Banning technology in learning environments is a guaranteed path to failure.Mark Woodland – Xplor Founder and CEO
Many Early Learning Centres and educators have an uneasy relationship with technology: they decry its power to distract young people but see it as a necessary evil to be tolerated, or at least strictly limited. I believe that technology can truly revolutionise education — but only if educators make wise choices about what is used and how it’s used. In essence treating the challenge as a learning oppurtunity.
1. Something boring on paper is still boring on a tablet or a laptop.
Technology for technologies sake is wasteful. If tech doesn’t reduce administration, increase parent engagement, transform your classroom, your teaching or your Childrens’ learning, don’t do it.
2. Rather than ban devices or YouTube, educators should find smart ways to use them.
Many Early Learning Services block YouTube, yet it’s the number-one search engine among children in grades 1 through 12. So much learning is lost when we block resources from children and don’t teach them safe ways to interact with it. Also, children are pretty savvy, and they can get around even complex filters.
I have visited some great services who create video newsletters that are added to YouTube every month and posted to Xplor. There’s a lot of power in having children share what they’re up to, rather than typing it up in a newsletter. The children plan the newsletters — they evaluate what they’re learning and discuss their adventures — as well as film them, edit them and add effects.
3. Adults should serve as champions of digital citizenship.
A safe, friendly environment like an Early Learning Centre is a great place for children to learn how to behave responsibly on the Internet. Here are some rules you can use for Internet use: never tweet anything you wouldn’t say to someone’s face or in front of their grandma; never share personal information; only go to appropriate websites; and always report cyberbullying to an adult. You can set up a moderated Twitter account for your room so they can practice their digital etiquette, learn how to use social media, and explore their digital footprint. Twitter is a great tool to tweet with experts from around the world; and build an online community with other services around the world to share and compare what they’re learning.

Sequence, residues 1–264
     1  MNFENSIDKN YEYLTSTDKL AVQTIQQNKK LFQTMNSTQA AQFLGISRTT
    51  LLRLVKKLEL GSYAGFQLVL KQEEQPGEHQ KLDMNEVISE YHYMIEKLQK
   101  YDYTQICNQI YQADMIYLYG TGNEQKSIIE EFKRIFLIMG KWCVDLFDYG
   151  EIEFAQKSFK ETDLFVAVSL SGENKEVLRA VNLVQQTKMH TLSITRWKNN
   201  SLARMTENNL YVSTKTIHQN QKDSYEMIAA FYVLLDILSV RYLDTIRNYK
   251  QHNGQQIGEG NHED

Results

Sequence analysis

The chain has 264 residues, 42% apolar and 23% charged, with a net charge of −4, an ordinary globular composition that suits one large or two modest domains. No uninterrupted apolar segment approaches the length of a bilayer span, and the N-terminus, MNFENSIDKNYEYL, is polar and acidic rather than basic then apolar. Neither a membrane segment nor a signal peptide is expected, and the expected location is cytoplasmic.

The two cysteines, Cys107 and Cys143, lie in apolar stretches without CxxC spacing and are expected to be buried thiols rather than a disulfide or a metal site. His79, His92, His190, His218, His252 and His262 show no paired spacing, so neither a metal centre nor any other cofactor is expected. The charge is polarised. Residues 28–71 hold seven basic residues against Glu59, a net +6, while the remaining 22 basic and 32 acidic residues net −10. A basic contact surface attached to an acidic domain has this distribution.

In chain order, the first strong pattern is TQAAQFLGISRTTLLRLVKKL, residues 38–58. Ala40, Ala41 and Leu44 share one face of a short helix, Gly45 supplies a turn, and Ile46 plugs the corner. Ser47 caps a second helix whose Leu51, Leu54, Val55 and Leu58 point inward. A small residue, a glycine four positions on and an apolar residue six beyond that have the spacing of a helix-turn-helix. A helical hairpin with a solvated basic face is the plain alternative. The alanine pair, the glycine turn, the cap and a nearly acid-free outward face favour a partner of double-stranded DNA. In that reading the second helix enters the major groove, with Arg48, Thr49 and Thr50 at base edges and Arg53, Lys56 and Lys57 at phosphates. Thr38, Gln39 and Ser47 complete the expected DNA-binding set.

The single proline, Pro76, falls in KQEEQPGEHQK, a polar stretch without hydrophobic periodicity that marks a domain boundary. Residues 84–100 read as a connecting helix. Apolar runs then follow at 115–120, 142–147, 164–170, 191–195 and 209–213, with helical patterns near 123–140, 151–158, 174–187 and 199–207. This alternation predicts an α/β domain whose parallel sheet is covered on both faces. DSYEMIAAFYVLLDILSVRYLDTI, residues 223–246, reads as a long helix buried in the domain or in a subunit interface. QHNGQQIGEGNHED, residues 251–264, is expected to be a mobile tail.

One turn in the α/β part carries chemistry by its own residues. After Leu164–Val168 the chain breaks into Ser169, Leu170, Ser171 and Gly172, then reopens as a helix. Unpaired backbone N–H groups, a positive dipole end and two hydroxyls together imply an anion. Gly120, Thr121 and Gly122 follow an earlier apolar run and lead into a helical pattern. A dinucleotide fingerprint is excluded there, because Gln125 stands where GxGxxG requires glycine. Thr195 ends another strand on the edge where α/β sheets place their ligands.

Teachers should ask their students to Google themselves and then think about what their digital record says about them. 93 percent of employers now use social media in some way to either recruit or hire employees. That means if our students have a negative digital footprint, they might have just a 7 percent chance of getting a job. To practice what they preach, adults should also Google themselves and reflect on what they find.
4. Give children some space to cultivate their own interests.
Letting children pursue their own interests is another great way to build proficiency. One service I visited, a kindergarten child built a tin-can robot after learning how to do it by watching YouTube tutorials, and another filmed and edited her own movie. It was great to see children having ownership of their learning.
It’s way too late to try to keep tech out of learning environments — or children’s lives. We may think we’re protecting children when we keep them in a tech-free bubble for the learning day, but they eventually leave, graduate, and get jobs. If we block technology from them, we might actually be inhibiting them. We need to put them in dynamic, responsive environments so they can be successful later on in life.